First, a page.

Let's encourage water to soak into the soil

Let’s encourage water to soak into the soil

Whilst the latest flood could not have been avoided no matter what the land use in Ceredigion, it could have been reduced if we had more woodlands (especially in the uplands) and a generally more permeable landscape throughout the river catchments. And many of us can do something about this… if you have a garden, you could make sure that the ground is permeable  – so no more patios and paved driveways, consider gravel and grasscrete. Build up the organic matter in your garden – this will help to hold water and be an effective defence against both flood and drought. Install water butts, so that you catch as much of that precious commodity as you can when it’s plentiful and prevent it literally going down the drain. And, finally plant trees and shrubs to intercept the water, root deep into the soil to allow water to percolate down and provide shelter from sun and wind which will dry out your garden anyway.

As I watch the pictures on the television of more and more flooded areas in the UK, I can’t help wishing that planners would take into account how water moves through the landscape, so we can avoid some of the damage, loss of property and personal distress.

-oOo-

My original post Water, water everywhere can be found here.

Water, water everywhere

We live near a town called Aberystwyth… it’s hit national headlines because it’s been rather wet there. After two days of unusually heavy rain the River Rheidol burst its banks, as did many other streams and rivers in north Ceredigion (we live in the south of the county). The rain on Friday was astonishing, and in combination with a high tide on Saturday, many business and homes were flooded and roads closed. I have friends who have been flooded despite living three miles up in the mountains – the water just came over the land as well as along the stream which they are well above in their house. So when you hear people say ‘what do you expect if you live on a floodplain’ then please remember that not everyone affected lives at sea level or very close to a river.

We have lived in the area for 25 years and have never seen anything like this; but then, there are reports suggesting that there may have been 10 inches of rain in 24 hours up in the mountains on Friday! Of course some of the worst affected areas are those at sea level, where there is also a tidal influence. And it is remarkably short-sighted to continue to build on floodplains. First because the risk of flooding is greater there and, second, because these areas have flooded historically, they have wonderfully fertile soil. Surely we should be using this brilliant natural resource to grow things… even if crops get inundated sometimes, people and their homes won’t.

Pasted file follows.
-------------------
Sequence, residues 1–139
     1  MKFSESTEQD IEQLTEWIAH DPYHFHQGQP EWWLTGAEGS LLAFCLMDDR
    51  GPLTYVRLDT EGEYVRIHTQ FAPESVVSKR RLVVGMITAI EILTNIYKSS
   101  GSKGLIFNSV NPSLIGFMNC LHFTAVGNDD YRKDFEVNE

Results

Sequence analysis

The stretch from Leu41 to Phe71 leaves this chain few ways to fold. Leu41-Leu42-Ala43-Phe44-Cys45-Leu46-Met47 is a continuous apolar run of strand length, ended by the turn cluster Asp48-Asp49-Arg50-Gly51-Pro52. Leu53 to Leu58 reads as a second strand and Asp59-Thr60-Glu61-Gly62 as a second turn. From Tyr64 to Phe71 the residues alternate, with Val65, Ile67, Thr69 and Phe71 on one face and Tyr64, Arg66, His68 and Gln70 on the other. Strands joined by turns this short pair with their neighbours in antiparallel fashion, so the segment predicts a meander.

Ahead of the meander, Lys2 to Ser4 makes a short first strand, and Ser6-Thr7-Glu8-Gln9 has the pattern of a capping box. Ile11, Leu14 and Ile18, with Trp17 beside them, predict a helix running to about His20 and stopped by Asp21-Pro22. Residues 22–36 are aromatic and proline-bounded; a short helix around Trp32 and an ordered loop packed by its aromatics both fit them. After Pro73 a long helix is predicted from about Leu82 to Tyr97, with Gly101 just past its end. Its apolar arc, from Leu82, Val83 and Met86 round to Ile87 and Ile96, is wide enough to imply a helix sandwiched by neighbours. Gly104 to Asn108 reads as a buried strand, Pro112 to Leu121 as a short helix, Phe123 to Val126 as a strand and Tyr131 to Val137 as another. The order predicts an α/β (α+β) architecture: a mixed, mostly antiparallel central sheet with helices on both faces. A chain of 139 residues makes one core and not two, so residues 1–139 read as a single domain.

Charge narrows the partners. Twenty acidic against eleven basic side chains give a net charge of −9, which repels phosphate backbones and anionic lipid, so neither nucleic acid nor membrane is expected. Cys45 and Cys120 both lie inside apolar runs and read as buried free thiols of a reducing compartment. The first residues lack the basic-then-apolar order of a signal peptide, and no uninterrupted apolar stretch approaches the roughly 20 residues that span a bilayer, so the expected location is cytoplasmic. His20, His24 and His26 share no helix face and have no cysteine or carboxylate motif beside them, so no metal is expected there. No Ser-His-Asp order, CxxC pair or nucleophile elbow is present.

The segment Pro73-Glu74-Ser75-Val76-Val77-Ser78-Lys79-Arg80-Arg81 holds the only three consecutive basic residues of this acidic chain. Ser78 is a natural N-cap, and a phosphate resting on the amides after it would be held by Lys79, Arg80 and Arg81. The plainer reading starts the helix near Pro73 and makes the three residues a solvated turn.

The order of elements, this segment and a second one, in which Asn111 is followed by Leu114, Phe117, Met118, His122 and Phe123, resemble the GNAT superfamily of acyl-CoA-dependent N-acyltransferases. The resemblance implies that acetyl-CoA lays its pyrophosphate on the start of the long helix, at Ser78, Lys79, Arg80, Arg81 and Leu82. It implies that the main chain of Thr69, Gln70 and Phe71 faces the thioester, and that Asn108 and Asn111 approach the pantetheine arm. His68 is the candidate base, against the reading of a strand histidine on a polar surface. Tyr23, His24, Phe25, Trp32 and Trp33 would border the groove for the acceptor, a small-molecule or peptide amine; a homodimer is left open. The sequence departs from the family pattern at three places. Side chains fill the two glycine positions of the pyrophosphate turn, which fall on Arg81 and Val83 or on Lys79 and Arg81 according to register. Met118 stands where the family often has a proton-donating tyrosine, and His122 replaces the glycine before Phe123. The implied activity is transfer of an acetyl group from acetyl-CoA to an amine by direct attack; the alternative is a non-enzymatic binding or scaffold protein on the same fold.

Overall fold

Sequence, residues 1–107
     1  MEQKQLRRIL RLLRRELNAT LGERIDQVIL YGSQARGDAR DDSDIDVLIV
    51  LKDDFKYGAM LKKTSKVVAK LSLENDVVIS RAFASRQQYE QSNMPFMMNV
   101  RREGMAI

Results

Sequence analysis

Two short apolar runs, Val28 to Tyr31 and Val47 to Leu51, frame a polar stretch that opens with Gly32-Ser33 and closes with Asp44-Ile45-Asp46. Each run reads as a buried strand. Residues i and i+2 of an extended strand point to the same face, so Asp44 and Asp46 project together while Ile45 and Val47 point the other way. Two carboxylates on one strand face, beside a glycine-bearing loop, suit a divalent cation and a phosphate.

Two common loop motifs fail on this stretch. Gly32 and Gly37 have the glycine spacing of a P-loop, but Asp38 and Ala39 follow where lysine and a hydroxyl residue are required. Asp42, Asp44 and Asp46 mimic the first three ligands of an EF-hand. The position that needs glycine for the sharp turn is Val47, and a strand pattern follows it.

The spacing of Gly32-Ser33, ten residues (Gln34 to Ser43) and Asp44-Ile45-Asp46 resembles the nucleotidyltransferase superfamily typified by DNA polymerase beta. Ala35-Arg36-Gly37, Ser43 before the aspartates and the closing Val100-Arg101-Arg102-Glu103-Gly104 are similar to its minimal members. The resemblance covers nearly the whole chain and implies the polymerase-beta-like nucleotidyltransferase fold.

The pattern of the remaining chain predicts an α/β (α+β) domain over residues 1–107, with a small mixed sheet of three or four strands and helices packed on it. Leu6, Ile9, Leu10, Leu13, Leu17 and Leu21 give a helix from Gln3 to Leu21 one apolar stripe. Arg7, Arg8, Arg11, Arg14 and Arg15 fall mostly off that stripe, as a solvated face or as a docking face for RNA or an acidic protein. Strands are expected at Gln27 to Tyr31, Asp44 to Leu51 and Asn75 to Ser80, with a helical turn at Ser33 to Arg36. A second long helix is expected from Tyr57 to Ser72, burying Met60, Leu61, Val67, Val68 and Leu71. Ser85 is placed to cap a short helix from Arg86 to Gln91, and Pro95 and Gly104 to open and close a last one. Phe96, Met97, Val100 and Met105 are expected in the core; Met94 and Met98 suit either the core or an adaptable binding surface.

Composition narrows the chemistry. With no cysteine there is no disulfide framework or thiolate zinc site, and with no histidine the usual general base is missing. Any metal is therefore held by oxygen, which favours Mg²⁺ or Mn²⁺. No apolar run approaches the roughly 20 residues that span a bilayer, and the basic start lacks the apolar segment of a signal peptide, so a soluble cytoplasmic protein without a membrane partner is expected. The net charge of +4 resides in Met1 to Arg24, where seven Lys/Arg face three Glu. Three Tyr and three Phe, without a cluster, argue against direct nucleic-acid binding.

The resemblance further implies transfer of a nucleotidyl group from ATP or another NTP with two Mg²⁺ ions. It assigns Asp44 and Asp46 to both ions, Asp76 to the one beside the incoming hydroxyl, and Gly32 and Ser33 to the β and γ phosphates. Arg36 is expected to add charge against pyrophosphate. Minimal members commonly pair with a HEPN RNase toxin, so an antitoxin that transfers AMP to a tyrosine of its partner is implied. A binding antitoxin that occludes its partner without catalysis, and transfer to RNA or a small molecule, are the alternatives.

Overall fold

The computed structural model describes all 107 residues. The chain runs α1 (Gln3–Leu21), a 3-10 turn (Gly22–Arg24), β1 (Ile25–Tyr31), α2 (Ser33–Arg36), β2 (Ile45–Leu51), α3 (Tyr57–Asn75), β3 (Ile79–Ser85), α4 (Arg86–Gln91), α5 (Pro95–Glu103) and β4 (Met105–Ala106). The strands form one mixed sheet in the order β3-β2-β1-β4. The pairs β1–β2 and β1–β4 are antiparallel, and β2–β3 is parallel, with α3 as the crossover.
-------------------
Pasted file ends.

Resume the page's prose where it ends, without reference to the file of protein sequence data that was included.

But it’s not just about where we build houses and businesses, the problem with flooding is that it’s really caused by what’s upstream in the river catchment and how quickly water moves through the landscape. If the land is wooded, lots of rain is intercepted on its way down to the ground, so it is slowed in its journey to the surface and may even have the opportunity to evaporate and return to the air. All vegetation intercepts rainfall, but trees with leaves probably do it best because they have a big surface area. Not only that, but trees create deep permeable soils, with their roots penetrating the ground and lots of organic matter from their fallen leaves acting like a sponge. The more wooded the upper catchments of our rivers, the slower the water moves through them and the more buffering there is from flooding. The opposite is equally true – make the ground less permeable and water moves through it quickly, all arriving at the rivers in a very short time and resulting in flooding. So, roads and storm drains and buildings and concrete yards and patios and field drains all contribute to flooding by speeding up the movement of water through the landscape. Grassland is not as good at intercepting water as woodland, and shallow rooted plants are likely to be associated with less permeable soil than deep-rooted ones.

Whilst the latest flood could not have been avoided no matter what the land use in Ceredigion, it could have been reduced if we had more woodlands (especially in the uplands) and a generally more permeable landscape throughout the river catchments. And many of us can do something about this… if you have a garden, you could make sure that the ground is permeable  – so no more patios and paved driveways, consider gravel and grasscrete. Build up the organic matter in your garden – this will help to hold water and be an effective defence against both flood and drought. Install water butts, so that you catch as much of that precious commodity as you can when it’s plentiful and prevent it literally going down the drain. And, finally plant trees and shrubs to intercept the water, root deep into the soil to allow water to percolate down and provide shelter from sun and wind which will dry out your garden anyway.

-oOo-

There are some astonishing photos of the floods  on Keith Morris’ facebook page and more photos and a fascinating explanation of the weather that caused the flooding here.